These parents who are struggling are encouraged to approach the school, and the school can look at it on a case-by-case basis.
Personally, I encourage all parents who can pay school fees to do so.
It could mean someone in an SGB position gets to feed their family.
Single parents and school fees
In a Supreme Court of Appeal Court case, the Western Cape Education Department and another versus the Women’s Legal Centre representing Amicus Curiae in December 2017, it was found that a single parent could and should be given a school fee exemption.
Single parents will no longer need their ex-spouses to qualify for a school fees exemption for children who they have custody of.
This relates to a case whereby a Western Cape mother had applied for a school fees exemption.
The school her child attended then wanted both her and her estranged husband to fill in the application form for exemption, because they constituted a “family unit” even though the mother had custody of the daughter.
The Supreme Court of Appeal judgement made it clear that in circumstances where one parent has refused or failed to provide their income details, public schools shall grant a conditional fee exemption to the parent who has custody of the child.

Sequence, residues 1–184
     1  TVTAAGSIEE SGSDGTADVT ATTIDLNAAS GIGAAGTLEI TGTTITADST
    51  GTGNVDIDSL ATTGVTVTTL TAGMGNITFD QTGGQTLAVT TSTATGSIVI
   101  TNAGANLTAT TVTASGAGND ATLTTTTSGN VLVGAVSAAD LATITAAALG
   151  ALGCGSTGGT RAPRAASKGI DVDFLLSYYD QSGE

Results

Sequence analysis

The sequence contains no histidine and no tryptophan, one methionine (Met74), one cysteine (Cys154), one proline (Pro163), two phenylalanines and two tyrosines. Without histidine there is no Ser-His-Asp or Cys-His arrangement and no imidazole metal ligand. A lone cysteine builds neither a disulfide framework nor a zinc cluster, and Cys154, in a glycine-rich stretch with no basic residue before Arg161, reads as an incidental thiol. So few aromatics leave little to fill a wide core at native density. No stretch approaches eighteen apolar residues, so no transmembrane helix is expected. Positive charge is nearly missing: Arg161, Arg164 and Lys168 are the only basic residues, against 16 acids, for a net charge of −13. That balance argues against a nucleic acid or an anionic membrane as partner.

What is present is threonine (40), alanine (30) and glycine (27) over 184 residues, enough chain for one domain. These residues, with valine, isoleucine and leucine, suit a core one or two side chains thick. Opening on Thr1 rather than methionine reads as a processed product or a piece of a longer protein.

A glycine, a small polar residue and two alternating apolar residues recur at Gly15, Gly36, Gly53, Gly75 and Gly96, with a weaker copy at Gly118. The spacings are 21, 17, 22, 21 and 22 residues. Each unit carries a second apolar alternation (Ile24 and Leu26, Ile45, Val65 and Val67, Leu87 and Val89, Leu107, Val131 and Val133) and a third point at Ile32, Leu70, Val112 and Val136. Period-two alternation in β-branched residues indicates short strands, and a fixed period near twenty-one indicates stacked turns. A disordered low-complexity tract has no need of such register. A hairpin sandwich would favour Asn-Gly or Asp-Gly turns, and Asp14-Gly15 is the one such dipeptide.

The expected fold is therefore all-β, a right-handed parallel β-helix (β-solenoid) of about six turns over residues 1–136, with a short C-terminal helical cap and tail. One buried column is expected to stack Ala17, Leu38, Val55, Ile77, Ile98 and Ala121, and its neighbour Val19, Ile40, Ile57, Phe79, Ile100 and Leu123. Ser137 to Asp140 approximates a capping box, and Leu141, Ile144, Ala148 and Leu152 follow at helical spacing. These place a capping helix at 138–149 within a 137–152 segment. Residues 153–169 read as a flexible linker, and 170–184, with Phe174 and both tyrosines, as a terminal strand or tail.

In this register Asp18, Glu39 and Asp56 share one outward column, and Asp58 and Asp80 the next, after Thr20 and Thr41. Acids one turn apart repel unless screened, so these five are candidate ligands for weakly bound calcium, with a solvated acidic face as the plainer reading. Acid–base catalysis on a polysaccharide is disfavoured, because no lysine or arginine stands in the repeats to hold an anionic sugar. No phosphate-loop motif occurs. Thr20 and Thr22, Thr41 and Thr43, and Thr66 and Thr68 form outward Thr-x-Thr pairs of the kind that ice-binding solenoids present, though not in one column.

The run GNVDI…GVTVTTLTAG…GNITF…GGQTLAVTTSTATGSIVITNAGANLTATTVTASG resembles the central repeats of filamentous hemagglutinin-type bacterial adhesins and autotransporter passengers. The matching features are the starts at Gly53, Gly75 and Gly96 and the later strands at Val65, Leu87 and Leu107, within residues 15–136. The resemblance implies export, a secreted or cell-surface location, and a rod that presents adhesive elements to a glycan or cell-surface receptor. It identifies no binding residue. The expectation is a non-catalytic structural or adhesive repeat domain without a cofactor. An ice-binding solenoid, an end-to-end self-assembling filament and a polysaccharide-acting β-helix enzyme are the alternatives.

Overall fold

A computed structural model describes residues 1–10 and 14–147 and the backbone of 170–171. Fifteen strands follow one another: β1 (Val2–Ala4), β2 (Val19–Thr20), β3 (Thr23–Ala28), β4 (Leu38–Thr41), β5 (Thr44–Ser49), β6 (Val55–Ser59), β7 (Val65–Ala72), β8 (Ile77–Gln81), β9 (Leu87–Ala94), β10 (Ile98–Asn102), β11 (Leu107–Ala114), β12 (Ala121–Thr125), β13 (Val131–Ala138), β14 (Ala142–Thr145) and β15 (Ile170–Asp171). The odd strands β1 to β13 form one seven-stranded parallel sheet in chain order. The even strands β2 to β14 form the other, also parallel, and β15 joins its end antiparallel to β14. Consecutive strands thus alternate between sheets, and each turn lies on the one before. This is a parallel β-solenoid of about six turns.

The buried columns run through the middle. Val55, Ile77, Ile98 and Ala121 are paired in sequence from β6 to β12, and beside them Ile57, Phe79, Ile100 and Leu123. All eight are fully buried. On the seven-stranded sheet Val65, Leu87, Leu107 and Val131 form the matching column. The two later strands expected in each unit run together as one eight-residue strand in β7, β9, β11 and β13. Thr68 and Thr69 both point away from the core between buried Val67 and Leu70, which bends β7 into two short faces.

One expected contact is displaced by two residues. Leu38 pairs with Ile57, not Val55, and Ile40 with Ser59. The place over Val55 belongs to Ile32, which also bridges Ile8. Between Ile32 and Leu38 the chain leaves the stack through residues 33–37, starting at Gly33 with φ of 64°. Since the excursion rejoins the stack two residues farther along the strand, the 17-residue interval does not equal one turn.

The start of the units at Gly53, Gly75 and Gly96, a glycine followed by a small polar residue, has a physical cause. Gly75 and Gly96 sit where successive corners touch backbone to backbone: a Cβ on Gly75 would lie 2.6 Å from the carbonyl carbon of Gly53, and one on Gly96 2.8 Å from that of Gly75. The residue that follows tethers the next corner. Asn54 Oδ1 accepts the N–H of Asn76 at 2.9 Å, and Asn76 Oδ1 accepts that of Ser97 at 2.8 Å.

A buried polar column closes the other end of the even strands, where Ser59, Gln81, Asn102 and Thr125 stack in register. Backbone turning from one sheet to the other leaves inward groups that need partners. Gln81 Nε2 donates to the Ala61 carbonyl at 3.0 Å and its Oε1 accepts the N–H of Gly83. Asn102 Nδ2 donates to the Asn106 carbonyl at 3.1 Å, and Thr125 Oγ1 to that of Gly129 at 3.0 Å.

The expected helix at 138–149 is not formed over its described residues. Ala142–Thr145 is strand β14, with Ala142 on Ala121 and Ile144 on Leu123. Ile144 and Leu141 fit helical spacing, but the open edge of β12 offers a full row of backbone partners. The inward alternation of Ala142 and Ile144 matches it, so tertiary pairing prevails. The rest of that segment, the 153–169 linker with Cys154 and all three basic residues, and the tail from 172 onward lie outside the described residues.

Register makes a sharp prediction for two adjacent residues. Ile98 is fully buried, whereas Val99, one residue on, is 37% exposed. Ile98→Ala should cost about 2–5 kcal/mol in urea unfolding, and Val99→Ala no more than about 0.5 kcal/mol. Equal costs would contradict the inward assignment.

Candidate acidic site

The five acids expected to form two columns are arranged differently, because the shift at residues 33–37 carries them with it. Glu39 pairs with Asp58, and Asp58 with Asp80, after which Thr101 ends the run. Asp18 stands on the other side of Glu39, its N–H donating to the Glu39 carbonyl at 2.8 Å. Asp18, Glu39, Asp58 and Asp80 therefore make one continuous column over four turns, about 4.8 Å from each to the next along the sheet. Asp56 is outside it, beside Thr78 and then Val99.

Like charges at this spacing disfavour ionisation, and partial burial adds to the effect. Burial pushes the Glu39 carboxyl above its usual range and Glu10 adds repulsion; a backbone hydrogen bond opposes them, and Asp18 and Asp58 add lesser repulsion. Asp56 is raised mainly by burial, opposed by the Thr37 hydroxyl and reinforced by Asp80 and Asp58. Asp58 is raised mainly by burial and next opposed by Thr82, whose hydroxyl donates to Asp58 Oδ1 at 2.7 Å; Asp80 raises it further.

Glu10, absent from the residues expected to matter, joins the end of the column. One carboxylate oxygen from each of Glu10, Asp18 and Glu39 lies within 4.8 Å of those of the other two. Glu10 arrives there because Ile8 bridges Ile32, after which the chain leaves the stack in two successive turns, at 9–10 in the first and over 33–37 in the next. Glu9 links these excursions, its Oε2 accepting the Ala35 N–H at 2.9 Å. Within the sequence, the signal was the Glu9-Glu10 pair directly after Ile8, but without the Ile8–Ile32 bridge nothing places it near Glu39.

This will then take that parent’s income into regard.
Different types of school fee exemptions explained
1. Automatic Exemption:
Orphans in an orphanage and child-headed households.
Pupils with foster parents.
Pupils placed in youth care centres or the care of a family member.
Pupils whose parents receive a social grant in their name, for example a child support grant.
2. Full Exemption:
If the school fees (of any one child or several children together) are 10% or more of the total income, you will be entitled to a full exemption and will NOT have to pay school fees.
3. Partial Exemption:
Parents can apply for partial exemption if the fees represent between 2% and 10% of their annual salary depending on the number of children they have at a fee-paying, public school.
4. Conditional Exemption:
This takes into consideration that some circumstances are beyond a parent’s control, and due to extreme personal issues, they cannot pay fees. It applies to parents who qualify for a partial exemption. However, if a parent is not eligible for an exemption, but presents enough evidence of circumstances that render them unable to pay fees, a conditional exemption will be considered.
5. No Exemption:
Where the combined annual gross income of both parents is more than 30 times the yearly school fees per learner, the child doesn’t qualify for any exemption.
* Moeshfieka Botha is Head of Research and Consumer Education at National Debt Advisors.
For more debt and personal finance information visit www.nationaldebtadvisors.co.za.
* For questions on this topic email [email protected] or Daily Voice Facebook Messenger. Join Moeshfieka on Thursday live on the Daily Voice’s Facebook page at 2pm where she will answer some of your financial questions.